Recalls spiked in Q2 2016 with the FDA recalling more than 80 times more food units than Q1 2016 and USDA recalling more than 45 times the number of pounds of food in that same time frame, according to a new report from Stericycle ExpertSolutions.
More accurate genome testing enables faster contamination identification for manufacturers and regulators, and when coupled with stricter regulations, recall numbers tend to rise.
"It's not that there's necessarily more contamination, it's that the industry is getting better at detecting what's there," Kevin Pollack, vice president of Stericycle, told Meat + Poultry.
Whole genome sequencing is quickly becoming an industry standard for improving the safety of the food supply and identifying and removing contaminated products more quickly. The increase in recalls may not mean the food supply is less safe, but rather is on its way to becoming safer.
By identifying contamination more readily, manufacturers can determine and then fix ongoing issues with their products and operations to prevent recalls from recurring in the future. When the FSMA compliance date for larger manufacturers hits next month, manufacturers who are not up to the new standards could also cause a spike in recalls, even though their products and facilities may be just as safe—if not safer than before.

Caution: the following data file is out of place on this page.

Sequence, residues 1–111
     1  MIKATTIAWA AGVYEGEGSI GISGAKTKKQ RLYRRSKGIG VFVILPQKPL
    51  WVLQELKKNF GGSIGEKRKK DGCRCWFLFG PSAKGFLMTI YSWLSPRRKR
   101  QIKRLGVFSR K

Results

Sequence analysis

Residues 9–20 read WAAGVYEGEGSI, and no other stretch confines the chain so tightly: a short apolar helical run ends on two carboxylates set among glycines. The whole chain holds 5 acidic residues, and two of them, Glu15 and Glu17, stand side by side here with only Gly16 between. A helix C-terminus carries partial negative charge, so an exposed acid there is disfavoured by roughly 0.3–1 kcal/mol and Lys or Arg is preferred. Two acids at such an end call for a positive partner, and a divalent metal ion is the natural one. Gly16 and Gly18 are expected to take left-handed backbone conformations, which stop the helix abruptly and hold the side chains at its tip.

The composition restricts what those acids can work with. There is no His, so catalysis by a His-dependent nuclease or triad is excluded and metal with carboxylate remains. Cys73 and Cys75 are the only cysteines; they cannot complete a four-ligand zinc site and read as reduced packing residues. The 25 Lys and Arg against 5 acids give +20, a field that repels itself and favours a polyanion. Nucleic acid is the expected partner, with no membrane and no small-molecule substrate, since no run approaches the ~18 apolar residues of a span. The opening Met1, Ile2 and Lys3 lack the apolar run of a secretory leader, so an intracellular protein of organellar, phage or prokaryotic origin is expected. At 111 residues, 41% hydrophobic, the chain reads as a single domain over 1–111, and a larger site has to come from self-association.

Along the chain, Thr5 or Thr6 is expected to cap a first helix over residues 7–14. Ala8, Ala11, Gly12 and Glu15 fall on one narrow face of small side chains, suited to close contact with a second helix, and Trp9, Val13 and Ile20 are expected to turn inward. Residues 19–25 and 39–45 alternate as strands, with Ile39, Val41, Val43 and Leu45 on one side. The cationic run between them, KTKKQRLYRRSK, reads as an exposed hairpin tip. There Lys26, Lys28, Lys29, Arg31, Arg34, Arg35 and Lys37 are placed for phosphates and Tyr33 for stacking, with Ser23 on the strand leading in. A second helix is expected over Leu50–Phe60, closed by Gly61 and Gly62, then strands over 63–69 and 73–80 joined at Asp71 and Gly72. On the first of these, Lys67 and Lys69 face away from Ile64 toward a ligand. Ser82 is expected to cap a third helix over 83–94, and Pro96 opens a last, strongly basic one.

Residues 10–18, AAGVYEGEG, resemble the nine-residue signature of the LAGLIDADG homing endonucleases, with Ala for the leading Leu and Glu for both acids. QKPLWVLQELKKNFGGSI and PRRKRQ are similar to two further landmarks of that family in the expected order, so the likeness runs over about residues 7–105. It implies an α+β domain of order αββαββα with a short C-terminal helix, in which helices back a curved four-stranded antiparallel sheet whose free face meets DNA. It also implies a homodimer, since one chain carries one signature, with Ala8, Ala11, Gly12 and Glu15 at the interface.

Another reason recall numbers appear to be higher is what Stericycle calls the multiplier effect. This is when several recalls stem from one ingredient supplier that affects dozens or even hundreds of other products and companies. In Q2, the multiplier effect drove the CRF Frozen Foods recall, which impacted 350 products from 42 brands. Last month, the CDC ended its investigation but did not identify the cause of the listeria contamination.
More recently, the same "multiplier" phenomenon is occurring with General Mills' ongoing flour recall, which continues to impact more brands and companies that use the flour as an ingredient in their products, particularly baking mixes. ConAgra also recently recalled nearly 200,000 pounds of P.F. Chang's frozen entrees due to potentially contaminated sugar the company used in the sauce. However, ConAgra's sugar supplier remains a mystery due to FDA corporate confidentiality laws, so this recall may not be over yet either.
Global recalls are also on the rise, but these figures illustrate the complexities manufacturers face when dealing with discrepancies in labeling errors and ingredient regulations. Those regulations can vary depending on the country or region. For example, the FDA considers propylene glycol to be "generally recognized as safe" in the U.S., but manufacturers have had to remove products containing this ingredient in certain European countries that have banned the ingredient.